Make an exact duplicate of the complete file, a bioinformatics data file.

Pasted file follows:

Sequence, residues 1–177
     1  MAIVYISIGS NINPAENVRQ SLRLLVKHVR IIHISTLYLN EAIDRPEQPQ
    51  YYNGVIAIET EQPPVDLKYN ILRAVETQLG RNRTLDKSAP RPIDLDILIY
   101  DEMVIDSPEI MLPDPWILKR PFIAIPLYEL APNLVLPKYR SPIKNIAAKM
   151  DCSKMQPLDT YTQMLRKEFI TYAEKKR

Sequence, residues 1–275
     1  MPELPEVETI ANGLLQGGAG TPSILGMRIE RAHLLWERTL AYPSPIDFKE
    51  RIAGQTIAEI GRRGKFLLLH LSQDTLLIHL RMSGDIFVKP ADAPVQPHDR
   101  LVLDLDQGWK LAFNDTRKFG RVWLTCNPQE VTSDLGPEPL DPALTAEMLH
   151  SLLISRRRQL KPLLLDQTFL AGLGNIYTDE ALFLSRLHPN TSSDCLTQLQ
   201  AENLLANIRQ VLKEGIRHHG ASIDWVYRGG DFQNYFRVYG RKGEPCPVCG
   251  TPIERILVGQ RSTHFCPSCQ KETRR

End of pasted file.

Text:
Sequence, residues 1–177
     1  MAIVYISIGS NINPAENVRQ SLRLLVKHVR IIHISTLYLN EAIDRPEQPQ
    51  YYNGVIAIET EQPPVDLKYN ILRAVETQLG RNRTLDKSAP RPIDLDILIY
   101  DEMVIDSPEI MLPDPWILKR PFIAIPLYEL APNLVLPKYR SPIKNIAAKM
   151  DCSKMQPLDT YTQMLRKEFI TYAEKKR

Sequence, residues 1–275
     1  MPELPEVETI ANGLLQGGAG TPSILGMRIE RAHLLWERTL AYPSPIDFKE
    51  RIAGQTIAEI GRRGKFLLLH LSQDTLLIHL RMSGDIFVKP ADAPVQPHDR
   101  LVLDLDQGWK LAFNDTRKFG RVWLTCNPQE VTSDLGPEPL DPALTAEMLH
   151  SLLISRRRQL KPLLLDQTFL AGLGNIYTDE ALFLSRLHPN TSSDCLTQLQ
   201  AENLLANIRQ VLKEGIRHHG ASIDWVYRGG DFQNYFRVYG RKGEPCPVCG
   251  TPIERILVGQ RSTHFCPSCQ KETRR